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Bykhov, Bykhov County, Mogilev District, Belarus

To enlarge the map click here Synagogue in Bykhov, 2008 Synagogue in Bykhov, 2008 Courtesy the Mishpoha journal (Vitebsk)

The exact date of the first Jewish settlement in Bykhov is unknown; most probably, it was in the 1620s. The Jews of Staryi Bykhov are mentioned in Jewish sources as victims of Cossack and peasant riots during the Khmelnitsky Uprising in 1648-49. In 1659, during Muscovy’s (Russia’s) war against Poland, the Muscovite troops conducted a pogrom in which 300 Jews were massacred.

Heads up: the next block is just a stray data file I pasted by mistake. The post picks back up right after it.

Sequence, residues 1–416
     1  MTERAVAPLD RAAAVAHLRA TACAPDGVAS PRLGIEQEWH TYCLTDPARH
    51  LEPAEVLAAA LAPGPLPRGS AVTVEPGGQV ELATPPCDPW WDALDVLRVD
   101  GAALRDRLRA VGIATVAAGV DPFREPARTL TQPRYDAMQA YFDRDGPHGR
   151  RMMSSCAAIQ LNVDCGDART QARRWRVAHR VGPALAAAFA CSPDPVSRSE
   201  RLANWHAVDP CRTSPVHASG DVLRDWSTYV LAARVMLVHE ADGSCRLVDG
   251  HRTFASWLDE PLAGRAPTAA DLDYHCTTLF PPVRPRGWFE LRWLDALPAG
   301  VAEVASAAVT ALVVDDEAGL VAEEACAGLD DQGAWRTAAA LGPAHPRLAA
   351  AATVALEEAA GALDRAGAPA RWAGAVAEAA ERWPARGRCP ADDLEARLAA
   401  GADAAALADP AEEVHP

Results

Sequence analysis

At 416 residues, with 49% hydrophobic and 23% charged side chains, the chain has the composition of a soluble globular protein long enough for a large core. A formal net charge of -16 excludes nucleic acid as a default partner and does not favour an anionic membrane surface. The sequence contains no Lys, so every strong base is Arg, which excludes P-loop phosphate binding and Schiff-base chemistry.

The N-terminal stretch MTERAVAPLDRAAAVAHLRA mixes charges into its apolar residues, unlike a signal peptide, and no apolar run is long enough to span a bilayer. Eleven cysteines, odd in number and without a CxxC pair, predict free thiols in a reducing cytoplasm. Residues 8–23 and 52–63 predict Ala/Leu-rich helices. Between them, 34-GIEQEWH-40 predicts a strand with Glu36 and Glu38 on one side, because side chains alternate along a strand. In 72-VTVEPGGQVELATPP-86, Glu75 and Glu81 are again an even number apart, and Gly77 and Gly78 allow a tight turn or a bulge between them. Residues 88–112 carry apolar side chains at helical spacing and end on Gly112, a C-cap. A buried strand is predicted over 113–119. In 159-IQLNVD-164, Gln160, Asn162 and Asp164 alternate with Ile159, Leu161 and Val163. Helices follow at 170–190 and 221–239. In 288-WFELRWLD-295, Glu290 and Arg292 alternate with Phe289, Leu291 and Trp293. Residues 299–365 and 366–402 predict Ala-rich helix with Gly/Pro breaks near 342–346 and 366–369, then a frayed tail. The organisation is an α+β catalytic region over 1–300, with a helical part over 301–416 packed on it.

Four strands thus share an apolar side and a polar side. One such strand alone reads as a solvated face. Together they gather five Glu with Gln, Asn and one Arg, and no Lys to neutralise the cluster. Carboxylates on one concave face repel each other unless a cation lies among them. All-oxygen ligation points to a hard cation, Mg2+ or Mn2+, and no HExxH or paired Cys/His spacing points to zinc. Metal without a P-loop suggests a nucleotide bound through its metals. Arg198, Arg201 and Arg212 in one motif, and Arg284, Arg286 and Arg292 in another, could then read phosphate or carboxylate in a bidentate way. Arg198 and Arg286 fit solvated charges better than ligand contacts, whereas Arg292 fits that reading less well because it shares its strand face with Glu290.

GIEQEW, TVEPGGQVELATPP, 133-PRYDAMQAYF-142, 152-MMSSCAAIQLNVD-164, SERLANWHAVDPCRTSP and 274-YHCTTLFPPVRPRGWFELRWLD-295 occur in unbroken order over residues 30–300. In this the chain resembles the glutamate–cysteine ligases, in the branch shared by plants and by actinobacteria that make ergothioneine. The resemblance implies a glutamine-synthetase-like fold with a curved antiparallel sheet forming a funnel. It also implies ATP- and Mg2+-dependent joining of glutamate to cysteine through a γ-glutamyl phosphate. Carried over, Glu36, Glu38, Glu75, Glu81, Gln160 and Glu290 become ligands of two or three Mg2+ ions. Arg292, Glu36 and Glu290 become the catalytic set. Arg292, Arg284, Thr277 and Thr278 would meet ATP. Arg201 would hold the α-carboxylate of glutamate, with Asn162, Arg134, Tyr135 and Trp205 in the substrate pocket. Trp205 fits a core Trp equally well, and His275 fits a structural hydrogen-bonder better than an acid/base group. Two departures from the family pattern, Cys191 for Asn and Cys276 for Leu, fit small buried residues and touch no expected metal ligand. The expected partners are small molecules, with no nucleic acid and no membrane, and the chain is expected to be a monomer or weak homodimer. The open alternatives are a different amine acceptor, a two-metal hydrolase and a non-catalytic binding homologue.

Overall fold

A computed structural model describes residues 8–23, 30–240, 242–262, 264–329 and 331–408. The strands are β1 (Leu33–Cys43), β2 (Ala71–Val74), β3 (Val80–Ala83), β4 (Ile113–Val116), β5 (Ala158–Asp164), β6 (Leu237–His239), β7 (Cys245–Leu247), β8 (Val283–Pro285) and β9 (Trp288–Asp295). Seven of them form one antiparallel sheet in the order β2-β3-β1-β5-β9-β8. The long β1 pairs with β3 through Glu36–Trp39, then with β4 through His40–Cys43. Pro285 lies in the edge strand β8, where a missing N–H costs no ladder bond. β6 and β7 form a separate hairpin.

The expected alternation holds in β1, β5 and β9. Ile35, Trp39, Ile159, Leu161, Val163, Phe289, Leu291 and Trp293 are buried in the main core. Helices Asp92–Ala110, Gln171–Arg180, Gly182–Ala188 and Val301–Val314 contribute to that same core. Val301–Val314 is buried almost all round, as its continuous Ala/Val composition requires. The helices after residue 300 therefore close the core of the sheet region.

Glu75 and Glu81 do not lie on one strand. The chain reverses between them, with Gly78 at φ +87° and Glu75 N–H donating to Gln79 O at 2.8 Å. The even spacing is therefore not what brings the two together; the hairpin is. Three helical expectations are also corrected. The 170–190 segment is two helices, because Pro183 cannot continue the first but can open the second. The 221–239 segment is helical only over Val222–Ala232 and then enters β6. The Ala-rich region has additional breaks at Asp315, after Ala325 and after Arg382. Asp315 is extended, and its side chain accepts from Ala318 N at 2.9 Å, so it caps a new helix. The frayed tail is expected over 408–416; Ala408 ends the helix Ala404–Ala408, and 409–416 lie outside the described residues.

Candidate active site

In October 1904, a pogrom took place in Bykhov; draftees to the army burned sixty Jewish shops; there were no murders.
In 1925, a Jewish kolkhoz was established four kilometers from the town, and in 1929 another Jewish kolkhoz was set up close by. The Yiddish seven-year school was closed in the late 1930s. The 1939 population census lists 2,295 Jews, 20.8 percent of the total inhabitants.
The fate of Bykhov’s Jews was connected with those living in the village of Novyi Bykhov (New Bykhov), 20 kilometers south of the town. According to the census, in 1923 there were 347 Jews in Novyi Bykhov.
Bykhov was occupied by the Germans on July 4, 1941. Only a small fraction of the town’s Jews succeeded to flee. The Jews of Bykhov were murdered in two mass murder operations in September and November 1941.
The town was liberated by the Red Army on June 28, 1944.